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The Rag n Bone Man.

Being pushed too far.

By Simon MorrellPublished 3 years ago 4 min read
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“Can you shift them,Rag n Bone man? Can you?”

Not the most welcome of welcomes I’ve ever had, but I’ll take any I can get. My first job for months and all. So I move the sticks, I push the stones, I paint the walls. I do what they ask of me.

My frame is brief, it is little, no fat, no muscle just bone. Clothes? Can’t afford the good stuff so I make do. I make do with whatever falls out of my wardrobe first thing I see in the morning.

Talk about mornings, they are grim too. A bed sit not even big enough to swing a cat so good job I don’t have one.

“Oi! Dopey. Are you moving the, bricks or just admiring them.” And this breaks me from my daydream.

Dreaming of a life where I am brave enough to have a voice, but for now I’ll make do. I’ll make do and be quite. What other option do I have?

My luke warm tea in the break room is made less tolerable by the thug in the black boots. Big time Charlie he is as he marches past me, stops, hurls a glob of spit into my mug before moving on. Moving on to his adoring crowd who, by the way, I get the feeling that deep down, in the moments that matter, despise him almost as much as I do. No one likes a smart arse.

“Enjoy Rag n Bone man!” he shouts from the safety of the other side of the room. His crowd claps and laughs but as break time ends and we shuffle back out into the yard, one of them gives me a wink.

“Keep your chin up kid,” he whispers with a friendly pat on the back.

Shovel this, shovel that, shovel the shit and shovel it right. I do my best, but it’s not enough for Charlie boy.

“Jesus rag, can you go any faster? I’m laying bricks faster than you can say fast bricks and my wage depends on it so get going!”

Now a bit of encouragement, well that I can handle but his tone takes no prisoners and it doesn’t go unnoticed.

“Give it a rest will you Charlie, he is doing his best,” a good sort says.

“Pay for my party this weekend will he? Not going that slow he won’t,” snarls your worship and everybody’s heads go down. Coke and booze, that’s Charlie’s party, so less said the better.

The end of the day can’t come quick enough for me and it’s a quite pint, a good book and a bag of crips for my evening meal. It will do. It will have too because my pennies go on rent, electric and water. And of course the tax. You don’t know what the tax is? Well it’s what Charlie demands of me. ‘Lucky money,’ he calls it. “Lucky I don’t wrap this shovel around your head,” he tells me as the others look away. Something has to give something has to stop this. And it does.

Joe is only a slip of a thing. Smaller than me, smaller than most but a huge personality. He joins our crew and announces his arrival with wit and hope.

“Hey Charlie!” he shouts. “Give me a name. Any name at all and I’ll sing you a song with that name in it.”

The others stop to watch, but Charlie is nobody’s fool. “Shut the fuck up and shovel,” he growls.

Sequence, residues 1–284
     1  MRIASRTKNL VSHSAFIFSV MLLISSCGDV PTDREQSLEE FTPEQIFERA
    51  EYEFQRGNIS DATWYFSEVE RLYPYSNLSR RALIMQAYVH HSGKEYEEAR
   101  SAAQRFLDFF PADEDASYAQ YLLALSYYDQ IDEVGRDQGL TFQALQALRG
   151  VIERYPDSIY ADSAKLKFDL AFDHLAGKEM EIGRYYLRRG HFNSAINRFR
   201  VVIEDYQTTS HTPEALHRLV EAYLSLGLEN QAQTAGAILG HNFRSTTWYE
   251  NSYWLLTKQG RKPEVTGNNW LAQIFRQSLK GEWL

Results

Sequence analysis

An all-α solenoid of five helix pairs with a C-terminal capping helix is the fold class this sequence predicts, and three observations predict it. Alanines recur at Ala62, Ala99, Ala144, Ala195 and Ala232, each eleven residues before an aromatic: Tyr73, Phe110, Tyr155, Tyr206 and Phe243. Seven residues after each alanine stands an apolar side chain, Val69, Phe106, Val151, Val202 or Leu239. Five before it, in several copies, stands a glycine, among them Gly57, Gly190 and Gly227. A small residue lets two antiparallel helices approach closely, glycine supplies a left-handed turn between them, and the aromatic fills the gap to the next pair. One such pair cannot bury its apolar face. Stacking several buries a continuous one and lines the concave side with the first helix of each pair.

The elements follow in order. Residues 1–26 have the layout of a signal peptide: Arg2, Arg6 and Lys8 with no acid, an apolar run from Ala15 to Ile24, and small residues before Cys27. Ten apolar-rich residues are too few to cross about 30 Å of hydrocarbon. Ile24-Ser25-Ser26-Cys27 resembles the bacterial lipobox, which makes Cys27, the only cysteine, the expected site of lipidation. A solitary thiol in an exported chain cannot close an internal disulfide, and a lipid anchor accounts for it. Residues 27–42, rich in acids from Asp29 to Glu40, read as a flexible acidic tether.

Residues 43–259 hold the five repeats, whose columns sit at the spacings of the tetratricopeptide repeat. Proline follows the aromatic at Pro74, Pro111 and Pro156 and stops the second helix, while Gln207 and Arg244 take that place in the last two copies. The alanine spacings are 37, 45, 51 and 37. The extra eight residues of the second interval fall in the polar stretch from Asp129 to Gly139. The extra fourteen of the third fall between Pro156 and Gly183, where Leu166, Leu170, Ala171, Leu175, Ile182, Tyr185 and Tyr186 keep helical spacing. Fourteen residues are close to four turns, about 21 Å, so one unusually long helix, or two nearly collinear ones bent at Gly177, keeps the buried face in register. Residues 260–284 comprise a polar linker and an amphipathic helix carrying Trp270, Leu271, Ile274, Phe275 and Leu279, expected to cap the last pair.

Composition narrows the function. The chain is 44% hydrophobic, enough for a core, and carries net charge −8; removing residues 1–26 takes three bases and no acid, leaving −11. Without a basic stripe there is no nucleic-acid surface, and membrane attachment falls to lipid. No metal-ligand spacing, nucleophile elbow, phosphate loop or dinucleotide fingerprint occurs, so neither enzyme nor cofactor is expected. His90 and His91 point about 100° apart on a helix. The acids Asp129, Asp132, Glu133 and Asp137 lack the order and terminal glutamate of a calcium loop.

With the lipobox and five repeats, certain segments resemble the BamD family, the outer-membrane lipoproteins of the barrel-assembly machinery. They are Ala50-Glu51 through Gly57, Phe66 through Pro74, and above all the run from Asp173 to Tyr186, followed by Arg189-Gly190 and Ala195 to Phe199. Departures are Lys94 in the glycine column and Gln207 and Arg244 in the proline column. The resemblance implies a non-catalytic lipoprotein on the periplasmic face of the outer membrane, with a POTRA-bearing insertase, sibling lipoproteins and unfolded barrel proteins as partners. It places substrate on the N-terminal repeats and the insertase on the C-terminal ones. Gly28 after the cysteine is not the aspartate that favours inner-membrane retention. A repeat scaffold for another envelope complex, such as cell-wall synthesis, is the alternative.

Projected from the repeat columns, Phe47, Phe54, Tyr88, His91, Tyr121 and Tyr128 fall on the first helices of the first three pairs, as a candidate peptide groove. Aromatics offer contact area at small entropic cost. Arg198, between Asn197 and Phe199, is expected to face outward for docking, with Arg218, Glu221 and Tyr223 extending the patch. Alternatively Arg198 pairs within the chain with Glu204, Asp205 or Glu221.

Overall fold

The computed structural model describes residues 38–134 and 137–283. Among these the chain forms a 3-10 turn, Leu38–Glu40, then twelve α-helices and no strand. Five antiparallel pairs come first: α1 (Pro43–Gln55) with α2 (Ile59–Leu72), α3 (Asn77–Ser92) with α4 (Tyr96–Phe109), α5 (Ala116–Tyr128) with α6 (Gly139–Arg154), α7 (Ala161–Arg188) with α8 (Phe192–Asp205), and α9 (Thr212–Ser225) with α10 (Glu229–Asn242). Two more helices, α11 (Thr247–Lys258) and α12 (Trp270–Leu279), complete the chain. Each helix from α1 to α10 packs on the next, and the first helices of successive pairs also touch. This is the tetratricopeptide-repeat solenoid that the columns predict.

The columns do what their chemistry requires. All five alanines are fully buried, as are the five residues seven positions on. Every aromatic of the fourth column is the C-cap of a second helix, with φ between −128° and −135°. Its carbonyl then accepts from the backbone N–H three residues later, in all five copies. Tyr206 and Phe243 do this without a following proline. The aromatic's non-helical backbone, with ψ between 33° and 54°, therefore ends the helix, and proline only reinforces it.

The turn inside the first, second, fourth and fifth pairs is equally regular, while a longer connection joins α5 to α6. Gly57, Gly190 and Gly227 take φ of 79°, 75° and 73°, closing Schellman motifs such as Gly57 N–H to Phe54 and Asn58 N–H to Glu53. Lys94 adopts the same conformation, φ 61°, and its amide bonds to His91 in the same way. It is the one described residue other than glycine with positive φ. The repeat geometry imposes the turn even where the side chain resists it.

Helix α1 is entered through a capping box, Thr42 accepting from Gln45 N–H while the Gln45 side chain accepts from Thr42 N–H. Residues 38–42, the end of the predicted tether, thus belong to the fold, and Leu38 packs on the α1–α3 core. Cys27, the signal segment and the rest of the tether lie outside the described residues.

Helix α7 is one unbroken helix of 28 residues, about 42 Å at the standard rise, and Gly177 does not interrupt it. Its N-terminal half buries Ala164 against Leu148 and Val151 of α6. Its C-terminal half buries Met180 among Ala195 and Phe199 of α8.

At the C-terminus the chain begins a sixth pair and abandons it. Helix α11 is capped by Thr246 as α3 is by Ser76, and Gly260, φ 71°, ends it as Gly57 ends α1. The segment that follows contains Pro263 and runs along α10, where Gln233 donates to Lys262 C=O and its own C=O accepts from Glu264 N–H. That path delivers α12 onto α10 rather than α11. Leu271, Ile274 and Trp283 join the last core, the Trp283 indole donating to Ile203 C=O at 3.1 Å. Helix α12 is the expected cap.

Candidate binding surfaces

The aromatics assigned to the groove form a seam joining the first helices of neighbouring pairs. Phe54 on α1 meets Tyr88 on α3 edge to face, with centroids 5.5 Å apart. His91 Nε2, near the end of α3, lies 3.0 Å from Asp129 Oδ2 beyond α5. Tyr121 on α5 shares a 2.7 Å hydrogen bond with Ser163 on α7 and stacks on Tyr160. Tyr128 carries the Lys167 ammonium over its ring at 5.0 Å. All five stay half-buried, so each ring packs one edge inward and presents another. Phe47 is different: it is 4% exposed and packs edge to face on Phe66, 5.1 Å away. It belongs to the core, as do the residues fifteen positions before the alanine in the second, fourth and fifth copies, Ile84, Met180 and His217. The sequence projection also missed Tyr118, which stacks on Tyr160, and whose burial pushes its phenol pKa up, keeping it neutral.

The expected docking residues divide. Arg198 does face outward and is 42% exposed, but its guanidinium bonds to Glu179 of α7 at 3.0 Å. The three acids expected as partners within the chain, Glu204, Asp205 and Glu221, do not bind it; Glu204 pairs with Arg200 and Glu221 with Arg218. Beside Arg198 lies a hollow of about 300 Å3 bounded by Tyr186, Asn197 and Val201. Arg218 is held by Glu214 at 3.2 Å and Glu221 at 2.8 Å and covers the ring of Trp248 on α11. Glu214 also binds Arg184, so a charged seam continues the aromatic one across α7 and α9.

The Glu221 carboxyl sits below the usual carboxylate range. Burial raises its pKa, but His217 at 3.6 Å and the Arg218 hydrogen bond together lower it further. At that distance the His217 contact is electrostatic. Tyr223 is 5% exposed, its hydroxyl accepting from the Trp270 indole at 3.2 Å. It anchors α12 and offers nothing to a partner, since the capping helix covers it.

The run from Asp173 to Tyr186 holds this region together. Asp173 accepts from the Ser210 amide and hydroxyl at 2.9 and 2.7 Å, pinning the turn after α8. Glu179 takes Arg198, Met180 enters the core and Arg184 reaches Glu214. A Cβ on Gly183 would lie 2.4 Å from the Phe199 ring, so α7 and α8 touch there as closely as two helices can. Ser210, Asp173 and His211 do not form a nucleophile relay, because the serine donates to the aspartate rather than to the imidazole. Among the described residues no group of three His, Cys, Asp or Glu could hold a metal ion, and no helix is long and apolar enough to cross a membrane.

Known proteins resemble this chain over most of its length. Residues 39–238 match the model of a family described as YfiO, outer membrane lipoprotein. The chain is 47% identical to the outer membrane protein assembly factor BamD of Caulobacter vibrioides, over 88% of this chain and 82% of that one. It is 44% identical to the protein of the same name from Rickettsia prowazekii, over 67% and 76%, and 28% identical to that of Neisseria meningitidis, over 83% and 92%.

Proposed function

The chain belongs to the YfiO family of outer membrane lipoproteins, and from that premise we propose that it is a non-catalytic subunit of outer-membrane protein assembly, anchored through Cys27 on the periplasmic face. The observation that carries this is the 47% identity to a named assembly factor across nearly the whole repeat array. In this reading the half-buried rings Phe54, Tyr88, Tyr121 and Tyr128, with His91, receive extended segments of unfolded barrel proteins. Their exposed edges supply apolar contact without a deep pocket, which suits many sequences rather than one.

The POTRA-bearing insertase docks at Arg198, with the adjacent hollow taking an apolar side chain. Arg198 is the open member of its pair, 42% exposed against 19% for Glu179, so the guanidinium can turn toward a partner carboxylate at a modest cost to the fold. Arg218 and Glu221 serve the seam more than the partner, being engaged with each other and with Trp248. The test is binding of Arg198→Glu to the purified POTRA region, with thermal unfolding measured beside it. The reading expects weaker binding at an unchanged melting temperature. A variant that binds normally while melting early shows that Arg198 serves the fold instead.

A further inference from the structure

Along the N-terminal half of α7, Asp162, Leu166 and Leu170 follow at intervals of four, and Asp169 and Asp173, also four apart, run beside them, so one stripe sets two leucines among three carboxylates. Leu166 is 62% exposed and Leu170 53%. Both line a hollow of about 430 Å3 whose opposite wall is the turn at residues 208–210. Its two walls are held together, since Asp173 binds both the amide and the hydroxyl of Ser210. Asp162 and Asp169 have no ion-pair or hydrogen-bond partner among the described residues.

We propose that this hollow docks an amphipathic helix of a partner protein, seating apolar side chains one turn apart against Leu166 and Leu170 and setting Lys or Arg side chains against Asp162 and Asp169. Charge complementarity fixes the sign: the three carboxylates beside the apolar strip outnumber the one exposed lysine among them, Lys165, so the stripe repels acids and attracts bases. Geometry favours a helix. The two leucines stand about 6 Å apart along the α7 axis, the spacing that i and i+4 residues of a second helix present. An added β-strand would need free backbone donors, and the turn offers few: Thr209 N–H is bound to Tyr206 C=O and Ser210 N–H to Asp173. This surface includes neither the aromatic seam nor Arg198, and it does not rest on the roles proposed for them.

“Only going the sing happy birthday,” says our Joe with a grin.

The brick misses him by inches, but I get the feeling Charlie boy makes it that way. A fair warning he would have called it.

Smoke time comes and goes, days pass, weeks as well and every day he is at it.

“Hey, rag n bone man, rush the shops will you poppet,” he shouts. He doesn’t ask nicely, knows not how to play with others toys, but I do as I am told. I rush to the shops for his precious ciggies and paper. I am not prepared for what happens next.

Only one day later. Imagine, one day. A day to change all others.

“Oi! Rag n bone,” but I already know the script and so I down tools ready for my mission to the shops until a voice stops everybody in their tracks.

“No,” the voice says. “He won’t. Get your own fucking goods.”

A stunned silence follows before Joe continues. “Get your own fucking goods and leave him be.”

He moves to stand in front of me and I am embarrassed that he has to do so, but we can’t stop what happens next. Only I can.

Charlie moves fast for a man of his size, too fast for Joe. Poor kid is in a choke before he can think straight and Charlie’s eyes? Well they are red, angry red.

“ You fucking poof!” He screams and the I realise that not only is he a bully, but a homophobic one at that. “Talk to me like that will you?” and the first punch is sickening.

Joe hits the floor but Charlie isn’t redeemed, not yet he isn’t.

He grabs poor Joe by the throat again and lifts him into the next punch, but that punch never lands.

Before it can get there I see Raul, the kid in school that took a lighter to my blazer, I see Barry, demented and raging, his punches cutting my eye to bits, I see Davey and his demands for my money and of course, of course I do. I see Charlie.

You see, before his last punch ever can land, he is hit by a shovel and I am surprised as everyone that the shovel is in my hand.

He slumps too the floor and cowers before me as Joe takes his next breath.

“Rag n bone man, yeah.” I whisper to him. “Rag n fucking bone man? Get to the shops yourself you piece of shit.”

And get to the shops he does.

Simon here

fact or fiction
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About the Creator

Simon Morrell

I am the author of the award winning book From Bullied to Black Belt telling ofjourney from an agoraphobic, panic attack sufferer to award winning fighter & writer. My mission? To help people beat fear into submission & win at life!

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